‘Sleek, beautiful, breathtakingly cunning prose’ Sunday Times
Athena is the third in the Frames Trilogy, a set of loosely connected novels by the Booker Prize-winning author, John Banville.
Morrow – a clerkish, middle-aged type encumbered with a chain-smoking dying aunt and a considerable talent for wallowing – is at a loose end when, on two separate occasions, he is beckoned up the stairs of an empty Dublin house. The first is an offer of dubious work, and Morrow soon becomes caught up in a conspiracy to authenticate a series of fake paintings. The second, possibly even odder, is an offer of a love – of a sort. Written in typically luminous prose and featuring a rich cast of characters, Athena is a paean to art, painting, and love, in all its mercurial richness.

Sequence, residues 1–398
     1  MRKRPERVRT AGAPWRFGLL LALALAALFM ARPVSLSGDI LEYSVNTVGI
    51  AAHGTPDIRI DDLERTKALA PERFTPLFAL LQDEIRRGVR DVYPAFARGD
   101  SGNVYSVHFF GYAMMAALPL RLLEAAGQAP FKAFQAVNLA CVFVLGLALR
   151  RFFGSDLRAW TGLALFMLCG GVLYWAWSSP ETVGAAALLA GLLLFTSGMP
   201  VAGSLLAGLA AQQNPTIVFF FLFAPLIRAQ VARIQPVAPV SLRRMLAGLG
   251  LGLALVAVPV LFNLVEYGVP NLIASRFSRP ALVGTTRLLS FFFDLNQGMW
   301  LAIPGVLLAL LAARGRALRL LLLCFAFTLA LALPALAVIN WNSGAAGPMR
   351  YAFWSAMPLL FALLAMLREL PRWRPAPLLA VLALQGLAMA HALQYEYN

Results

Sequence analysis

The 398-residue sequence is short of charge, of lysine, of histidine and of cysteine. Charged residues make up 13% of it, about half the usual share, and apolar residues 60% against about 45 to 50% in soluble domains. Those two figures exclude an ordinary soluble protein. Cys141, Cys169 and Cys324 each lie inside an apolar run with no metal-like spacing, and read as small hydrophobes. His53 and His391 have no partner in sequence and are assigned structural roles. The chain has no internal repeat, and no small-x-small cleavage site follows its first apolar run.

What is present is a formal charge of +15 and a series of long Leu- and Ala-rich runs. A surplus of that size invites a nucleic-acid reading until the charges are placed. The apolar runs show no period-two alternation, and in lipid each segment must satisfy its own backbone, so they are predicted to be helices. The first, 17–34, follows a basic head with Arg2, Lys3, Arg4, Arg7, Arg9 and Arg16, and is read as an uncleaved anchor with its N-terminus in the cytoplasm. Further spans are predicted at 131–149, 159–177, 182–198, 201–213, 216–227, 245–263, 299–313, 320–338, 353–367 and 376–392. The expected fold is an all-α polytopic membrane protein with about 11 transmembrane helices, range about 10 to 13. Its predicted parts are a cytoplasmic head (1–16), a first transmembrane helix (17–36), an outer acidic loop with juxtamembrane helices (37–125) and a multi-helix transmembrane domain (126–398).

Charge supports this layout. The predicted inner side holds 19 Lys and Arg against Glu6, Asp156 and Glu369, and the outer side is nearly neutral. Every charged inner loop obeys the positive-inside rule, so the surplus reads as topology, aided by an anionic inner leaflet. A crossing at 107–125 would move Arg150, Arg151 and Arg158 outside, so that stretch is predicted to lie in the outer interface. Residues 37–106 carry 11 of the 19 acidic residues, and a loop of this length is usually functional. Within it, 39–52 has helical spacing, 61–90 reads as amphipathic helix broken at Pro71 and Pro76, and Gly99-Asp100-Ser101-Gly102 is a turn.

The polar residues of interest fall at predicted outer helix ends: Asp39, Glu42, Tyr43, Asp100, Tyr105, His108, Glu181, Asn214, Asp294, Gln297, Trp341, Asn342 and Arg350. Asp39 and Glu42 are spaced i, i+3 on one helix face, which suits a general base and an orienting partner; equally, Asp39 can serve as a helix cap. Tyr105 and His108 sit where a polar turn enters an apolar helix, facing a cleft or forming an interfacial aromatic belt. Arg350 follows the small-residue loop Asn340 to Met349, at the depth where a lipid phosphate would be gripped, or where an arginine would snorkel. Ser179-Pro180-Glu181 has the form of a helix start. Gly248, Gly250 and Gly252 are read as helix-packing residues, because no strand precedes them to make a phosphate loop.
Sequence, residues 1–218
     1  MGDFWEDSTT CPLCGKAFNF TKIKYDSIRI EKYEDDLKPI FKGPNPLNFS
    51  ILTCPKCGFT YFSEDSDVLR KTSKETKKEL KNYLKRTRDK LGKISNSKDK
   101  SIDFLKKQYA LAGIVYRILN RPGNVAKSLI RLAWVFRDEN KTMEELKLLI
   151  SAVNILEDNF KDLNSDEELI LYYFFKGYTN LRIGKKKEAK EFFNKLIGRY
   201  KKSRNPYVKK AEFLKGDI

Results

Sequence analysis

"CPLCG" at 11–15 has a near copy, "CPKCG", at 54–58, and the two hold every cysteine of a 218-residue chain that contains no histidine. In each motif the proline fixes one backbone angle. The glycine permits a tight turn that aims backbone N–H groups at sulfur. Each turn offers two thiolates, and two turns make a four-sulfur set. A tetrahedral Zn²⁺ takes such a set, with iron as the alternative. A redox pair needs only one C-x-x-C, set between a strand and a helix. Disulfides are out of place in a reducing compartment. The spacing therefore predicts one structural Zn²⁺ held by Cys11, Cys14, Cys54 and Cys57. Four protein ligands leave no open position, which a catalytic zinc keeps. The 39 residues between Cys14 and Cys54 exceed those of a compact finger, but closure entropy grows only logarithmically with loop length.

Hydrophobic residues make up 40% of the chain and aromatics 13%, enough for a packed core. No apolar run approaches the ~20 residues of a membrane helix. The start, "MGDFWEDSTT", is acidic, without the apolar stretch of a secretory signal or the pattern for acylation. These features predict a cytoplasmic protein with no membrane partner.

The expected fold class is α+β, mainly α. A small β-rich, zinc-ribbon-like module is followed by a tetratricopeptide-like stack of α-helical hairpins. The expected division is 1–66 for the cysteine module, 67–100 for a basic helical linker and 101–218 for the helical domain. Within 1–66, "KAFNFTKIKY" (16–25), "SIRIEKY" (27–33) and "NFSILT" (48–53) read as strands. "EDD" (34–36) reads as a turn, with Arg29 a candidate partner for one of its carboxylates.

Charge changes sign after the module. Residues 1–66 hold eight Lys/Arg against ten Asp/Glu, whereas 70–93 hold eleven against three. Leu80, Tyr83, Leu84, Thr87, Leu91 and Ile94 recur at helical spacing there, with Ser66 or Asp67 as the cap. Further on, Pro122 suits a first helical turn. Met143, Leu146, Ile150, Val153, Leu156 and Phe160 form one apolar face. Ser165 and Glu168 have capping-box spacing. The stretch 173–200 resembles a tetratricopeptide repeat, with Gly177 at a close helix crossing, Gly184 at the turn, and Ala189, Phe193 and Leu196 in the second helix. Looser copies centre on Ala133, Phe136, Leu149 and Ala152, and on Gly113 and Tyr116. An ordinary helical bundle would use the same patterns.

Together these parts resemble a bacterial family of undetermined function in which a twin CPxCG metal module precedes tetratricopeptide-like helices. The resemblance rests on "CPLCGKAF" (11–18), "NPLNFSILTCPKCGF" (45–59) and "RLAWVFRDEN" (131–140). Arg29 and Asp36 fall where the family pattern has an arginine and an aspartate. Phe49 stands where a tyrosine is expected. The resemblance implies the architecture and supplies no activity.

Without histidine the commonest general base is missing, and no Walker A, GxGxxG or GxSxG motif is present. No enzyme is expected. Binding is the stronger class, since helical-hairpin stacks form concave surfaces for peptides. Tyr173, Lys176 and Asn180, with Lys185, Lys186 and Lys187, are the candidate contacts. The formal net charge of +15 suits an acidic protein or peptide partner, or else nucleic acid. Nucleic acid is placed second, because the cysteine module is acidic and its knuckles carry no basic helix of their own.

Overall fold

One of the most profoundly intelligent, introspective novels of recent years, questioning the perceptions of author, narrator, reader and critic.
Good Book Guide
The consummately achieved and entrancing creation of a master of language: in the fullest sense a work of art.
Athena is a love letter to Morrow’s passions, to love, to art and to the paintings he examines: works on classical themes, in which a moment’s obsession, lust, loss and magic are preserved for ever.